This award honors a California nonprofit that has shown an extraordinary ability to leverage volunteers in service to their organization.  ElderHelp of San Diego delivers direct services to seniors through dedicated volunteers.  Through their services, they help seniors save thousands of dollars each year. Their services include free in-home services, which replace expensive services offered by home care agencies, as well as constant monitoring combined with strong health advocacy to keep seniors out of expensive nursing homes. Last year, ElderHelp assisted 5,592 seniors, either through direct services or by providing resources, and expect to serve thousands more in the future. In addition, ElderHelp services contribute to cost containment for the healthcare industry by providing continuing care, reducing hospital days for clients by nearly one-third, and preventing hospital readmissions due to falls by 91 percent. ElderHelp volunteer visits and caring assistance make a significant difference in reducing loneliness and isolation by two-thirds, as shown through impact studies.  Another vital service ElderHelp provides is a ride service called Seniors-A-Go-Go, which provides transportation for seniors from home to the store, to doctors or therapy appointments, or even to movies and social outings. Last year alone, ElderHelp volunteers logged over 10,000 hours serving seniors in the community.

California’s Foundation of the Year – Syar Industries Foundation, Napa

This award honors a California-based foundation that has made a successful investment in service and volunteering models in addressing community needs.  Syar Industries Foundation has valued civic involvement by encouraging employees, customers and foundation awardees to increase volunteerism. In the past, Syar Industries’ employees have participated in numerous days of service or holiday opportunities. To highlight a few, employees have participated in coat drives, fundraisers, women shelters, and many others. Syar and their subsidiaries host annual drives to produce toys and coats for local families.  Syar understands that an agency cannot successfully deliver on their mission without the funding for the sustainability of strong volunteer programs. Syar Industries Foundation provided the Center for Volunteer and Nonprofit Leadership’s Napa office funding in the amount of $29,000 each year for three years to provide Service Enterprise Initiative (SEI) training to nonprofit agencies in Napa County. The funding resulted in expanding SEI to Napa County with 13 local agencies in the first funding year. The generous three-year commitment provided by the Syar Foundation in support of this project has been instrumental to early success.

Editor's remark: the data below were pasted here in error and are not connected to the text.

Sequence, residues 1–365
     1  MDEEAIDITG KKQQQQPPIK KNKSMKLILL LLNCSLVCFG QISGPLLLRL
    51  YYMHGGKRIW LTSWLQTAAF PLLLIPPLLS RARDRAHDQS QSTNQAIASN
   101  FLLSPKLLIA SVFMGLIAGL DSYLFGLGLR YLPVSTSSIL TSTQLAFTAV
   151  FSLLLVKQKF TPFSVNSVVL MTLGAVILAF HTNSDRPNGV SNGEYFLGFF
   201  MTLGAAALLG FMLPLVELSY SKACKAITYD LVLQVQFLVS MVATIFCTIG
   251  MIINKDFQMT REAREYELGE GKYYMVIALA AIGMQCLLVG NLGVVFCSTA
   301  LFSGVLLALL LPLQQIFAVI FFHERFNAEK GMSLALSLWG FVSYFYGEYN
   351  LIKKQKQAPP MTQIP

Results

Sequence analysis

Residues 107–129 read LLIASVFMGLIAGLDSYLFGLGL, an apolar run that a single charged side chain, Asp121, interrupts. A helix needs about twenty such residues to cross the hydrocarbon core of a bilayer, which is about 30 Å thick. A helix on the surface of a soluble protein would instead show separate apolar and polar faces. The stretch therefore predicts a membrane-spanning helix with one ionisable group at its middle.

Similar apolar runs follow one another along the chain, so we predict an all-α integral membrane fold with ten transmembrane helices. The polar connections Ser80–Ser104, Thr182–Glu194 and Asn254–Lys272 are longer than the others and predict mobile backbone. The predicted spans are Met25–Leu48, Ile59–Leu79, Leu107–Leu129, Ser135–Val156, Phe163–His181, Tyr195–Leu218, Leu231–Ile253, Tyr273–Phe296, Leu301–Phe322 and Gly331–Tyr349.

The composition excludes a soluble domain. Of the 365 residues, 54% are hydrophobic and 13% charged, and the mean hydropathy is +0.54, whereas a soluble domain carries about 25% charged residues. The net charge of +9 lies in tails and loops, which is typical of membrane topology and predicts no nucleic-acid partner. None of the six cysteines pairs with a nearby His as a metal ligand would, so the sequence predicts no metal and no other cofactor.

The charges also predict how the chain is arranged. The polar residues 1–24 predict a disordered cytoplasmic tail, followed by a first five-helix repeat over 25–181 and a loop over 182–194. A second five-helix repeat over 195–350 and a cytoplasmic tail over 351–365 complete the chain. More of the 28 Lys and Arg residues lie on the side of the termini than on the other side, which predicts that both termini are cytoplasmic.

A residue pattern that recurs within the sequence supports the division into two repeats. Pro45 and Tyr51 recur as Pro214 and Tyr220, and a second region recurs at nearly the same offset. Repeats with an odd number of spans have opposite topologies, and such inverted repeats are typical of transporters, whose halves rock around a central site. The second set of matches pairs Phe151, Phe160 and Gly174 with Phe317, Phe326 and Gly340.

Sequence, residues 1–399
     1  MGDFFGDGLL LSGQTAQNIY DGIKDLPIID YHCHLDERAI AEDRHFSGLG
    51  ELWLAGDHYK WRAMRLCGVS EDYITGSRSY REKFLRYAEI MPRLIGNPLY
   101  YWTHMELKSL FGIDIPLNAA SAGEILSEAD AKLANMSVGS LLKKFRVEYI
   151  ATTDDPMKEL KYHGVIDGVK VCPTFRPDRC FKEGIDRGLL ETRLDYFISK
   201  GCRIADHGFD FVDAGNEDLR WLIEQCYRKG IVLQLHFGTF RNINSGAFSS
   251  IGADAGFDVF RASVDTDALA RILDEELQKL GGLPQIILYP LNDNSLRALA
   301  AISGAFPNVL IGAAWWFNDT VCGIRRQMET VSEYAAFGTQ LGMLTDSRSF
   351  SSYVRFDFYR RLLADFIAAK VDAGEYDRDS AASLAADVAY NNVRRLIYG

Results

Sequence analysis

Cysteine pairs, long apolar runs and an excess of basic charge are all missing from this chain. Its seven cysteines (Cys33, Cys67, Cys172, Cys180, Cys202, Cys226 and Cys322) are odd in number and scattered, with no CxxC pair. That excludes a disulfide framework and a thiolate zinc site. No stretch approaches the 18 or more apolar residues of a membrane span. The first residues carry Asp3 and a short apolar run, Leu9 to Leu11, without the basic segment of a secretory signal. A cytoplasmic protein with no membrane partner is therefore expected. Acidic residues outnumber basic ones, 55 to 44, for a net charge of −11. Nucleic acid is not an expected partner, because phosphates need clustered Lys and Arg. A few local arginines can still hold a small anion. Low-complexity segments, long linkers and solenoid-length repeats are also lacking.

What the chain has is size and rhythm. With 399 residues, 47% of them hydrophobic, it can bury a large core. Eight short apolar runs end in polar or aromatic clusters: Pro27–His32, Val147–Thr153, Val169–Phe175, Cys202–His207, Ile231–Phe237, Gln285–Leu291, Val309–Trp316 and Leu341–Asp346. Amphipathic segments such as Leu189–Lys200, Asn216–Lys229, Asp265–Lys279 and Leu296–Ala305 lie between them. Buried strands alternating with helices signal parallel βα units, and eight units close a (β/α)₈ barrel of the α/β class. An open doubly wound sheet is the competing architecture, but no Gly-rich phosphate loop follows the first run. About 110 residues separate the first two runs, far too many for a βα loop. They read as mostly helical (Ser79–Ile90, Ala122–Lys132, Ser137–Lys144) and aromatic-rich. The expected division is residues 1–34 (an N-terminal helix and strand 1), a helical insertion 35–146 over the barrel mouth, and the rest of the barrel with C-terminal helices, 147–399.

California’s Business Volunteer Program of the Year – AT&T California

This award honors an outstanding California business with an innovative, high-impact employee volunteer program.  AT&T has taken steps to encourage students to successfully complete high school and go on to college or a career.  Their Aspire Mentoring Academy provides flexible options to mentor students, designed to work around our employees’ schedules. Last year in California, AT&T employees attended 70 work and school events, impacting 5,800 students including over 26,000 hours of mentoring.  AT&T has also taken steps to assist in drought relief efforts.  In 2014, the leadership of AT&T California asked employees to reduce water usage, including a reduction in the washing of AT&T’s California fleet of more than 15,000 vehicles, reducing facility landscape irrigation by half, and turning off all decorative water fixtures in buildings.  Last year, AT&T reduced water use in California by almost 10 percent, equaling approximately 70 million gallons. Furthermore, AT&T supported a team of five robotics students from a Fresno Elementary school, nicknamed the “Fab 5,” who wanted to improve the way people learn about water conservation. They researched and conceived a mobile application to help local residents track their water use in real-time using their mobile device. AT&T’s $25,000 contribution, along with support from the City of Fresno and the Fresno Chamber of Commerce Foundation, provided full funding to develop and deploy the app in the City of Fresno. This commitment also jumpstarted additional fundraising efforts, now being led by the Fresno Chamber of Commerce, to support a public education and marketing campaign to promote use of the app among residents.